Also On: Wii, PC
Publisher: Rising Star Games
Developer: Pygmy Studio
I find that retro-inspired old school platformers are really hit or miss for me. Sometimes — like with Rogue Legacy or Cloudberry Kingdom — I absolutely love every aspect of them, from their insane difficulty to their NES-aping graphics. Other times, though — and here I’m thinking of the likes of Spelunky or 1001 Spikes — they do nothing for me. I’m not sure what differentiates them or how I love one group of them but not the other, but I’ve found that every time I start a new one, it’s a 50-50 proposition as to whether I’ll love it or loathe it.
La-Mulana EX, unfortunately, falls squarely in the “loathe” category. I suppose this shouldn’t shock me, since it has a few things in common with Spelunky, but I still wasn’t going into it expecting…well, this.
And what is “this”, precisely? A old school platformer, of course, but one that has a healthy dose of Metroidvania rather than being your typical side-scroller. It’s got a strong Indiana Jones vibe, with an explorer main character journeying through mysterious ancient ruins.
Above all else, though, La-Mulana EX is hard. Like, really, really hard. So hard that those italics are fully justified. So hard that you’ll almost definitely need a walkthrough if you want to advance anywhere at all in the game. I went in unaware of this fact, which meant that my first few attempts at the game all were very short, exasperating, and ended in death. There’s basically no indication what you’re supposed to do or where you’re supposed to go once you leave the game’s opening screen, so if you venture off without a guide, death is guaranteed.
Not that my attempts with a walkthrough were that much better. Even knowing exactly what I was supposed to do, I still fell victim to all kinds of hazards. Drowning to death slowly was the most common cause, though a few of those times the fact I was being divebombed by various flying creatures was probably equally to blame. Then there was the time a bat knocked me off a ladder onto a tiny platform surrounded by water that was home to a rather persistent monster. Because a) the only way off the platform was the ladder and b) the bat was on one screen and the monster platform on another, every time I went from one screen to the other the hazards would reset, sending me into a nasty loop that only ended when I died. La-Mulana EX tries to make things a little more fair by giving you a life bar, rather than killing you off with one or two hits, but considering how relentlessly difficult it is, that’s not much of a concession.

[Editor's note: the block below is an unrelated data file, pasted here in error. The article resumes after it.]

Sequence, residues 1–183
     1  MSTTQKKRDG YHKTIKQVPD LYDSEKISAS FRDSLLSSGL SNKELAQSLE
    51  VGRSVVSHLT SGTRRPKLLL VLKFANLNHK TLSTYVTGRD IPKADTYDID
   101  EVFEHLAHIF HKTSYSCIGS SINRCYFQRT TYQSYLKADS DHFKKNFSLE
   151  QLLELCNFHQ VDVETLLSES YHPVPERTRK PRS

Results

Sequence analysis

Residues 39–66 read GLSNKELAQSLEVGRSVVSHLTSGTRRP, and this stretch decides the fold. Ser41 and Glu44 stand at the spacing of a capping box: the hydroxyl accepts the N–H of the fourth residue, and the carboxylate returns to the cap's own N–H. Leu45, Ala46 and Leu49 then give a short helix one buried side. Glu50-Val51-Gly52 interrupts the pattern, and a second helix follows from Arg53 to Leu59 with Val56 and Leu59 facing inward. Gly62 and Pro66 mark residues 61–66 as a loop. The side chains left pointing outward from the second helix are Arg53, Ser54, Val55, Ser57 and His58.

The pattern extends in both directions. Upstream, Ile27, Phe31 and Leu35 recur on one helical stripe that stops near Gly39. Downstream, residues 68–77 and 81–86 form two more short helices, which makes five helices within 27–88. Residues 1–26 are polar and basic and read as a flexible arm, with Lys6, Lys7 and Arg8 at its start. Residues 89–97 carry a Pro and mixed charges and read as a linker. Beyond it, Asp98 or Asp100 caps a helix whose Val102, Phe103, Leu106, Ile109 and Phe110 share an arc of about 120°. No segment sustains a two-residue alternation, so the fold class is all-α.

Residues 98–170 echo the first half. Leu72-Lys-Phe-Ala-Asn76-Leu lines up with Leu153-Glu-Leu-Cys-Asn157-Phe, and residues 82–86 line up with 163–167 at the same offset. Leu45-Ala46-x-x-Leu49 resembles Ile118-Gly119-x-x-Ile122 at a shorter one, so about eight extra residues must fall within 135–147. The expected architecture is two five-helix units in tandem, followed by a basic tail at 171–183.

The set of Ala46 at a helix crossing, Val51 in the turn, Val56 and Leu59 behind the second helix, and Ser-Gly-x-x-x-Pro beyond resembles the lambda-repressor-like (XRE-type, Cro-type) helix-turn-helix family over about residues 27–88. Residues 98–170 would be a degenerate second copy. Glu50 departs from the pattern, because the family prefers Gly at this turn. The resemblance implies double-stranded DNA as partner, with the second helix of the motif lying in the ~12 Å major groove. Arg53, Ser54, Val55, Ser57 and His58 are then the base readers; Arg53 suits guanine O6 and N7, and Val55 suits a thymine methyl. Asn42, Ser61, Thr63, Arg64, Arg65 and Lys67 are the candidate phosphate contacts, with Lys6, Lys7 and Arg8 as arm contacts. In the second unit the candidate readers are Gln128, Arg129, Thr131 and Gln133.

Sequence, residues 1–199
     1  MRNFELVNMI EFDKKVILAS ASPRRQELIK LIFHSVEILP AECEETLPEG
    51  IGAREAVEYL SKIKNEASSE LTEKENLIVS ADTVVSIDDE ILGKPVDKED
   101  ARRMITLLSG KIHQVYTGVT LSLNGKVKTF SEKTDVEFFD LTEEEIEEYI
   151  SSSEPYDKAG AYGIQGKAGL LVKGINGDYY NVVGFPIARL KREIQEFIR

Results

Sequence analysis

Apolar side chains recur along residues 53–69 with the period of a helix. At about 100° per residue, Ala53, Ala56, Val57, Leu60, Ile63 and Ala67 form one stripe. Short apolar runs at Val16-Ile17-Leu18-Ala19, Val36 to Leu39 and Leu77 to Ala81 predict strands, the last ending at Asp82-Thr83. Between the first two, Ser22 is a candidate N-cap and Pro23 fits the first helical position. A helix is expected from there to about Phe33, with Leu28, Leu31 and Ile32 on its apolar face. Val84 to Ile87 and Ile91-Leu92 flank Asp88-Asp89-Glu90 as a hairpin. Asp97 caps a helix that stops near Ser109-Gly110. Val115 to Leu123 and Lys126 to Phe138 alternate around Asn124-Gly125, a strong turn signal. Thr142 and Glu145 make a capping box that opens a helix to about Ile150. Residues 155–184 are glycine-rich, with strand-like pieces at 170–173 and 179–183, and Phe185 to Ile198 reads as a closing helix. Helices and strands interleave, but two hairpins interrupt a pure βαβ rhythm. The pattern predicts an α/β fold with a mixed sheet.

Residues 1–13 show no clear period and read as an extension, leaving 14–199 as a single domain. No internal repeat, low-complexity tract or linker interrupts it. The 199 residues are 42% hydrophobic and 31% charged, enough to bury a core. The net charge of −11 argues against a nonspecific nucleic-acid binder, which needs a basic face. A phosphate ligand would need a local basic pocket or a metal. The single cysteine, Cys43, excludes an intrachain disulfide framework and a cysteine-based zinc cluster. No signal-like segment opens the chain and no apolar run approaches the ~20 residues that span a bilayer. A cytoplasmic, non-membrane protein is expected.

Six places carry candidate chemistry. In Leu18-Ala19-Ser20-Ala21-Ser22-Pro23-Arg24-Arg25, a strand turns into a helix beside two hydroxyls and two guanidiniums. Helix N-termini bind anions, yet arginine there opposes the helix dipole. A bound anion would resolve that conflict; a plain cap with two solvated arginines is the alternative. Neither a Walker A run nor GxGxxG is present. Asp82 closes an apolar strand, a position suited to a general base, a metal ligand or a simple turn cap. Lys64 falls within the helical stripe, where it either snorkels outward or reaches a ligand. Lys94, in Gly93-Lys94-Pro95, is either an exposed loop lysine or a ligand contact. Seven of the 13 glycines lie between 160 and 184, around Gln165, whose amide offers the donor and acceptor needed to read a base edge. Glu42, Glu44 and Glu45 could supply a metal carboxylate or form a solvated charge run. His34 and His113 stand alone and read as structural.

I recognize, of course, that criticizing a game that sells itself as a tough as nails platformer for being too tough as nails is the very definition of missing the point. La-Mulana EX never pretends to be anything other than that, so whatever dislike I have for the game comes down entirely to my own gaming failings, not any failure on the part of the game itself. I can’t imagine being such a glutton for punishment that I’d enjoy going back to this game again and again, but if it’s frustration and death you’re after, La-Mulana EX can and will give you that in spades.